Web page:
Lowell Thomas and the Fire Tower

by Ed Sawicki

Lowell Thomas in Quakerhill Studio

During the fourth week of June in 1969, a group of friends and I spent two days in Pawling, New York camping next to a fire tower on Quaker Hill. A few of us were amateur radio operators (ham radio) and were there to participate in ARRL Field Day—placing our antennas on top of the tower. We chose that place because Quaker Hill was almost 500 feet above sea level and the fire tower added another 90 feet or so, putting our antennas well above the Hudson Valley's tree tops.

View of Hudson Valley from the fire tower
Fire tower similar to the one on Quaker Hill

I loved that fire tower. The view was fantastic. You could see miles in every direction. The photo of the tower here is not the one on Quaker Hill but it was similar. The Quaker Hill tower did not have an enclosure on top. There was only a railing.

The tower is no longer there today. I don't know when it was taken down.

We had secured permission from the caretaker of the property in advance, a Mr. Gene Nicks. We met Nicks on the day we arrived but not afterward. I didn't know in advance that the owner of the property was famous radio broadcaster Lowell Thomas and Gene Nicks was his radio engineer. I found out when one of Gene's sons (who was driving with a NY State learners permit and had to be off the road by dark) drove me into town to purchase some necessities. On the way back to the fire tower he invited me to tour Thomas's studio on his estate.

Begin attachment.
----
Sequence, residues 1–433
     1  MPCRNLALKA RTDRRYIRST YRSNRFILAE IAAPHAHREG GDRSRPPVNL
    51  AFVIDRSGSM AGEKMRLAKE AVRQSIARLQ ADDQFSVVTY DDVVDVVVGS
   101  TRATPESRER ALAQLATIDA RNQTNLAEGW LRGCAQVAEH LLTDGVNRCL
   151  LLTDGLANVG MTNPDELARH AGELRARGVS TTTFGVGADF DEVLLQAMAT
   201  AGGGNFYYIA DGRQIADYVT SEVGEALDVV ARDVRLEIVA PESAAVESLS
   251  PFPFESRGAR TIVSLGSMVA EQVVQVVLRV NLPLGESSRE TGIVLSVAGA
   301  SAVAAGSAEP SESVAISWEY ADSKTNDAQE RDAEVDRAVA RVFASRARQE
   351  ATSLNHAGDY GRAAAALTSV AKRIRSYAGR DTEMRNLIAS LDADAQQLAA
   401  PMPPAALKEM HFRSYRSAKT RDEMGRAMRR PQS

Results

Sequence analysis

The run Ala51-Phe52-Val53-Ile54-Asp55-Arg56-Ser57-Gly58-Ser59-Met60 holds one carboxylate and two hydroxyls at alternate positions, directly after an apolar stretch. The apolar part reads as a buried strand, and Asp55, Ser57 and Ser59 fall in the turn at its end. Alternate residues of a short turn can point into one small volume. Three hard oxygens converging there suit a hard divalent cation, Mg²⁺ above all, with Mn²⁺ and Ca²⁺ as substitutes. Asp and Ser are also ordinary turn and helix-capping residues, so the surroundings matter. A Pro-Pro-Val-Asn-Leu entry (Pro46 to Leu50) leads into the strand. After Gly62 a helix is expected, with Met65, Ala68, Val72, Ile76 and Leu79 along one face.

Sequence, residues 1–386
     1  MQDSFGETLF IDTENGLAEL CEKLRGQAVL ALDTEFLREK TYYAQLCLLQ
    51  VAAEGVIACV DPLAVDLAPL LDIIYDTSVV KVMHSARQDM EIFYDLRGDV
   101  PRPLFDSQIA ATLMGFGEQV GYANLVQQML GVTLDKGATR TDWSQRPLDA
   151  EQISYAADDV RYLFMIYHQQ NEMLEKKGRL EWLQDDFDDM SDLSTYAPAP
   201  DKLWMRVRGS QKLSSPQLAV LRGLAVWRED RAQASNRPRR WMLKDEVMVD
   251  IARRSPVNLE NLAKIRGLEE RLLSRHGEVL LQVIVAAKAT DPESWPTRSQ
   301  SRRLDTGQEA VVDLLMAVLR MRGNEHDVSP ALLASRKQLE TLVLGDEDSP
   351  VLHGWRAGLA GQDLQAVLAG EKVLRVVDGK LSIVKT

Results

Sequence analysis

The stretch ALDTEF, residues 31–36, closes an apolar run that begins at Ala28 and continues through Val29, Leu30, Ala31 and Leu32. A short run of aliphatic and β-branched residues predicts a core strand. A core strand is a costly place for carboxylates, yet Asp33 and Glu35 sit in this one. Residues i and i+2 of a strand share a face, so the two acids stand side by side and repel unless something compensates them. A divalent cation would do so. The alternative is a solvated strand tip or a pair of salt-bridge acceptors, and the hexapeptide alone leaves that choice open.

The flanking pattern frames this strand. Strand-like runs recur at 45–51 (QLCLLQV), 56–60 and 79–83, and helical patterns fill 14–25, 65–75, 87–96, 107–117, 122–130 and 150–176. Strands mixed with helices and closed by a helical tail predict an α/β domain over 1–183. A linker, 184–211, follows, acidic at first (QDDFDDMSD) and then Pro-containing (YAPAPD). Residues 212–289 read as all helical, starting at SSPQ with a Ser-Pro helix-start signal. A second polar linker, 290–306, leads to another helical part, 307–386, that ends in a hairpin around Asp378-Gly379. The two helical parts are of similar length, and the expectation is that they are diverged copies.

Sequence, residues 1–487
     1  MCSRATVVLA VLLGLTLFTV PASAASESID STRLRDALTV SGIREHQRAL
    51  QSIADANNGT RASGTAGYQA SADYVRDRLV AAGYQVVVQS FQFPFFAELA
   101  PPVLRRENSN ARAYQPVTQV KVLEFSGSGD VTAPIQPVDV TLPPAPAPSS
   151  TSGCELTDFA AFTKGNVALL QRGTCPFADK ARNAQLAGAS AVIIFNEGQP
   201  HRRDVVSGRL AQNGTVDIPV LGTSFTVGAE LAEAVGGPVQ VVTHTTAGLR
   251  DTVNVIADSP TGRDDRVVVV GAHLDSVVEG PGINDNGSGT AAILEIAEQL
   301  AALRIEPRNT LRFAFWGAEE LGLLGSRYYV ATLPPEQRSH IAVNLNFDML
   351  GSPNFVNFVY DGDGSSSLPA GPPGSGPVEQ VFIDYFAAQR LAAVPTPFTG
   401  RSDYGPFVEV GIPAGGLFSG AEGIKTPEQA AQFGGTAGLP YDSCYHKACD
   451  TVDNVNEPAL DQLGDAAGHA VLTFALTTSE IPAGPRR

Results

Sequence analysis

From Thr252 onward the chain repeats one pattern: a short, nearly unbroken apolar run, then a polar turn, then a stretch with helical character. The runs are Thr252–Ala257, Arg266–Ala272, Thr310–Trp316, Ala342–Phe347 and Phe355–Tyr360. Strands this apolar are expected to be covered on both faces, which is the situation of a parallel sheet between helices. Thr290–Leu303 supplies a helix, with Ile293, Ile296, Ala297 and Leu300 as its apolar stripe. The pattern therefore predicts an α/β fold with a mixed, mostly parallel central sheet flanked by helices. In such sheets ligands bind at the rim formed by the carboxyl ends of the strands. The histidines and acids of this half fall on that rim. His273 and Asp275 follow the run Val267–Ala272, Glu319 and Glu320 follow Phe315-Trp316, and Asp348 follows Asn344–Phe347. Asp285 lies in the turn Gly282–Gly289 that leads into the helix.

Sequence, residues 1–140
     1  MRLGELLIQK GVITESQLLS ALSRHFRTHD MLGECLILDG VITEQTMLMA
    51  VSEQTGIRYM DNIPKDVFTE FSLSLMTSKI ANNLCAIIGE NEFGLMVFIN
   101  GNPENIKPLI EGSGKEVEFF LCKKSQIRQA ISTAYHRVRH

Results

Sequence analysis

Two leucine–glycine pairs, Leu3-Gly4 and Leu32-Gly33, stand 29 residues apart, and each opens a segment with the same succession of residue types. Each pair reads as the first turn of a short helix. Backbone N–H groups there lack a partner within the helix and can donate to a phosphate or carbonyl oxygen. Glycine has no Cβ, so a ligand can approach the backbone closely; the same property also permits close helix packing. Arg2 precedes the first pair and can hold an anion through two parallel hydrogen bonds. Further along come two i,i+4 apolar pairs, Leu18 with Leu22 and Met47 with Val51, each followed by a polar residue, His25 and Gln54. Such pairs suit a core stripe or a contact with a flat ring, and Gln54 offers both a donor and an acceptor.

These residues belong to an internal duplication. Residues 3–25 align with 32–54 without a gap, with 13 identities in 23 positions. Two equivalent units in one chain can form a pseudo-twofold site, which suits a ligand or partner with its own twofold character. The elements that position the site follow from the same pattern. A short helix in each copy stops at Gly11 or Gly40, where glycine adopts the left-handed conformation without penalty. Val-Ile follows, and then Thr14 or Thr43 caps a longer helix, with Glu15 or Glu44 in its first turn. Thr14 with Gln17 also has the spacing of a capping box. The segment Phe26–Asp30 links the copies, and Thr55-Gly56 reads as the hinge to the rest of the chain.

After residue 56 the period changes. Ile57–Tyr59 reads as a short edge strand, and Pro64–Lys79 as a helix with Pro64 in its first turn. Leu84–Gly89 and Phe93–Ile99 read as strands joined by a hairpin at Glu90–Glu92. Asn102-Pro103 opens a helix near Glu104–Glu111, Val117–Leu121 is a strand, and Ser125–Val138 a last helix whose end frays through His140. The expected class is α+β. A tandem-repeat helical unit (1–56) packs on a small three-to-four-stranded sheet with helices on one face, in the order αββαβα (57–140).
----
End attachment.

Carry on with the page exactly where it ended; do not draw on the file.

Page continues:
So, there I was sitting in the chair that Lowell Thomas used to record his nightly broadcasts and staring into his microphone whose output was ultimately received at the CBS or NBC studios in downtown New York City, back when he was broadcasting. As far as I can remember, the photo at the top of the page is of Thomas in his Quaker Hill studio, where I visited and sat in that chair. The lamp seems familiar.

View of Hudson Valley from the fire tower
View of Hudson Valley from the fire tower